But is a single passing reference to the new moon truly sufficient to have implanted this song of praise in so many hearts and minds? To ask that question is to go back to Creation and especially to the poem’s depiction of man’s place in Creation and his unique relationship with God and with God’s purposes. For what happens just as the lions are returning to their lairs at sunrise?
Man will go out to his labors
And to his work until dusk.
And then, without a pause, comes the runup to the psalm’s peroration:
How many are your creations, Lord!
And all of them wisely fashioned:
The earth is filled with your property.
Here is the sea great and broad
With its creepy crawlies beyond number,
Living things, small and large;
There ships wend their ways,
This whale You’ve made for a plaything,
All of them come to You for succor, to give them their feed;
When You give it them they lap it up,
You open Your hand and they are satisfied with good things;
You hide Your face and they are terrified,
When You gather their spirits they fade
And to their dust return again;
When You send Your spirit they’re born
And renew the face of the ground.
May the Lord’s glory be for all time,
May the Lord be pleased with what He’s done—
He who glances at the earth and it trembles,
Who touches the mountains and they steam.
There’s that glorious, universal harmony again, in which man’s life and labor and mortal fate repose comfortably in the beneficent hands of the Almighty. But just how beneficent are those hands, and how much trust can be placed in them? Let’s look at the poem’s final lines, with their remarkable and unexpected—but only momentary—shift into a more apprehensive mode:
I’ll sing to the Lord with all my life.
I’ll serenade the Lord while I exist:
May my discourse be pleasing before Him;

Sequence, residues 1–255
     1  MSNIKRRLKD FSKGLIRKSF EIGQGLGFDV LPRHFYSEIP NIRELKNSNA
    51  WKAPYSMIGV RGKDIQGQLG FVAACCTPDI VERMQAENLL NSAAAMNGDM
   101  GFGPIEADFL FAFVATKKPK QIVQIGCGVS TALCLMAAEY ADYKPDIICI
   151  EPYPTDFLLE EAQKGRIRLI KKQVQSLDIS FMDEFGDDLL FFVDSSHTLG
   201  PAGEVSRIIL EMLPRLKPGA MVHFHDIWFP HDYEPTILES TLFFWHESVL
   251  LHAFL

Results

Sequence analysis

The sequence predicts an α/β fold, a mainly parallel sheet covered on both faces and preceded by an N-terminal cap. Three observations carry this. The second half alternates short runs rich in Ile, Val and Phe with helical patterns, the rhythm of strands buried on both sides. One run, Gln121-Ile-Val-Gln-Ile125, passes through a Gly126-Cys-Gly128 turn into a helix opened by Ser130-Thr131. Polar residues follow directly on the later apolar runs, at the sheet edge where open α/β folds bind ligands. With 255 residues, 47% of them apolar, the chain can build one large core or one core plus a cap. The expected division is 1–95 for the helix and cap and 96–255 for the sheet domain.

I will rejoice in the Lord.
May sins be gone in the land,
And the wicked be exiled;
My being will bless the Lord—Praise God!
Here we may seem to have been plunged back into the more familiar biblical territory of sin and punishment. But are we really? I think we’re meant to read the two lines about sin and wickedness within the poem’s given framework. Sins are recognized, and they need to be banished, but there’s no requirement of penance or sacrifices, no begging of God’s mercy, and no hint that, failing these, the Lord might be impelled to take drastic action again. Is it any wonder that, because of these last lines, and especially the final, upbeat one, Sephardi communities recite this psalm on Yom Kippur? With its image of sins disappearing and the wicked with them, it expresses the single most buoyant expectation of forgiveness and reconciliation that the Bible provides.
Some psalms focus on God’s cosmic power; others explore the depths of the human spirit. This one methodically renders the Almighty as a friendlier entity than you’ll find in the pages of the Pentateuch. From the clouds above to the depths of the sea below, from the lion to the bunny rabbit to the whale that He created as His “plaything,” this is a Lord eminently whimsical and approachable.
All of which leads to the concluding prayer: that the Lord Himself will be pleased by what He’s made, and by our ecstatic praise of it. In a book of psalms whose speakers often struggle in the coils of anxiety and despair, yearning for redemption, this one is a confident and joyously composed singalong. You can’t go wrong praising the moon on Rosh Ḥodesh—or blessing a Lord who would never dream of wiping out anything or anyone in a fit of rage.